What is the price per square foot for a Mason County waterfront home right now?
This chart is created for you every month from sales in the MLS. You can always refer to this chart to see how things are going right now in the southwest Puget Sound.
This chart illustrates what I have said for years – there is no one answer to the value of Mason County waterfront. Sometimes, it depend upon the time of year. Sometimes, if a home is sold in February verses July, there can be as much as $70 per foot difference. That’s a $140,000 difference in the sales price of a 2000 square foot home.
It’s given that every beach is different – some properties have higher banks and colder water temperature. What are the boating options, the views and proximity to services? To compare South Puget Sound beaches, you should at very least break the numbers up into real estate areas – each area with its own price range.
HISTORIC VALUES – LET’S LOOK AT ANNUAL CHARTS
Are you new to waterfront property? Some beaches are more expensive than others for a variety of reason. They are all on the same Puget Sound but historically command their own values. Every year, I produce these charts to help define where you can find the best bargains.
For each beach, I create four (4) charts from actual sales data taken directly from the MLS. No homes are exactly alike – one home may have a dock or a granite counter-top but without question, there is a comp here for every home.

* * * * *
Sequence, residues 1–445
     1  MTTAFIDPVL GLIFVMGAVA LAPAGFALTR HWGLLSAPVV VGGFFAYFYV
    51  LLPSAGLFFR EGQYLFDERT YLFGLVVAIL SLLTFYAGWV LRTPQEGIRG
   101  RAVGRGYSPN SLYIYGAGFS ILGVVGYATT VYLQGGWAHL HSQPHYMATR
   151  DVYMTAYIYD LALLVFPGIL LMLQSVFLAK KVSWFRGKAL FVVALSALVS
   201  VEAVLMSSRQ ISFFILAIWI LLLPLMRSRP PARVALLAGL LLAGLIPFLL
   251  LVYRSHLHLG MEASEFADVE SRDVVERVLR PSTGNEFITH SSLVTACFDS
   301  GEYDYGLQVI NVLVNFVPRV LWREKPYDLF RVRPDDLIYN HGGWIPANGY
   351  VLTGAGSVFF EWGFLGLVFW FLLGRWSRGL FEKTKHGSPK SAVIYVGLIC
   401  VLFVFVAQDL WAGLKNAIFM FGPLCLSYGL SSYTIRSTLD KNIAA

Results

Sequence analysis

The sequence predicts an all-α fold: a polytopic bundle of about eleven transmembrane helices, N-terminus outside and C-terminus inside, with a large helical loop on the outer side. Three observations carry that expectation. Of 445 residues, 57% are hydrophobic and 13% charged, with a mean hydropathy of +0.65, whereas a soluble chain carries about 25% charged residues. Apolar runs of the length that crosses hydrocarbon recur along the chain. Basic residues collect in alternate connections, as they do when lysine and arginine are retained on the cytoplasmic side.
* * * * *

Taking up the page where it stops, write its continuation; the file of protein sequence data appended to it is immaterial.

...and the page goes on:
Chart #1 – “Scattergram Pricing Chart”
Each dot is an actual sale. The vertical axis is price and the horizontal is its square footage. Given all these points of sale, the blue line is a mathematical average of the “price per square foot” at any given size. This will give you some idea of the cost of an area home by footage.
Chart #2 – “Time to Sell”
This chart is “Days on Market” – the time required to sell a beach house as a function of its price. You can combine the information from this chart with the “Buying Patterns” chart to get an idea when best to list a home.
Chart #3 – “Buying Pattern”
This chart documents “Buying Patterns” from the perspective of price to the date it sold. This is an attempt to determine what time of the year beach homes are sold. Remember, the “date sold” is when a sale closed and recorded, not when the sellers agreed to an offer. Subtract about 40 days to get when the seller agreed to their offer.
Chart #4 – “What are the Odds of Selling Your Home?”
What percentage of homes for sale in a particular area actually sold? For example, on Harron Island, there were seven waterfront homes available for sale in 2015. One sold which means the odds of selling a waterfront home on Harron Island in 2015 was 14%. The blue bars represent what sold, red is those homes that either the listing expired or was cancelled, green is homes still for sale and yellow is sales that are pending. This chart is not just about demand. It also speaks to supply, what homeowner and buyer expect and suggests how this may affect pricing.
WHAT BEACH INTERESTS YOU –
- Allyn/Victor – Case Inlet (Allyn / Grapeview / Victor)
- Bremerton (Sinclair Inlet / Lower Dyes Inlet)
- Fox Island Gig Harbor Community
- Gig Harbor – (Narrows / South Colvos Passage)
- Hale passage (Kapachuck to the Narrows)
- Hammersley Inlet – (Hammersley Inlet and Oakland Bay – Shelton)
- Harron Island – Case Inlet Island
- Harstine Island – A Shelton Community
- Henderson Bay – Carr Inlet / Rosedale / Raft Island (Gig Harbor Communities)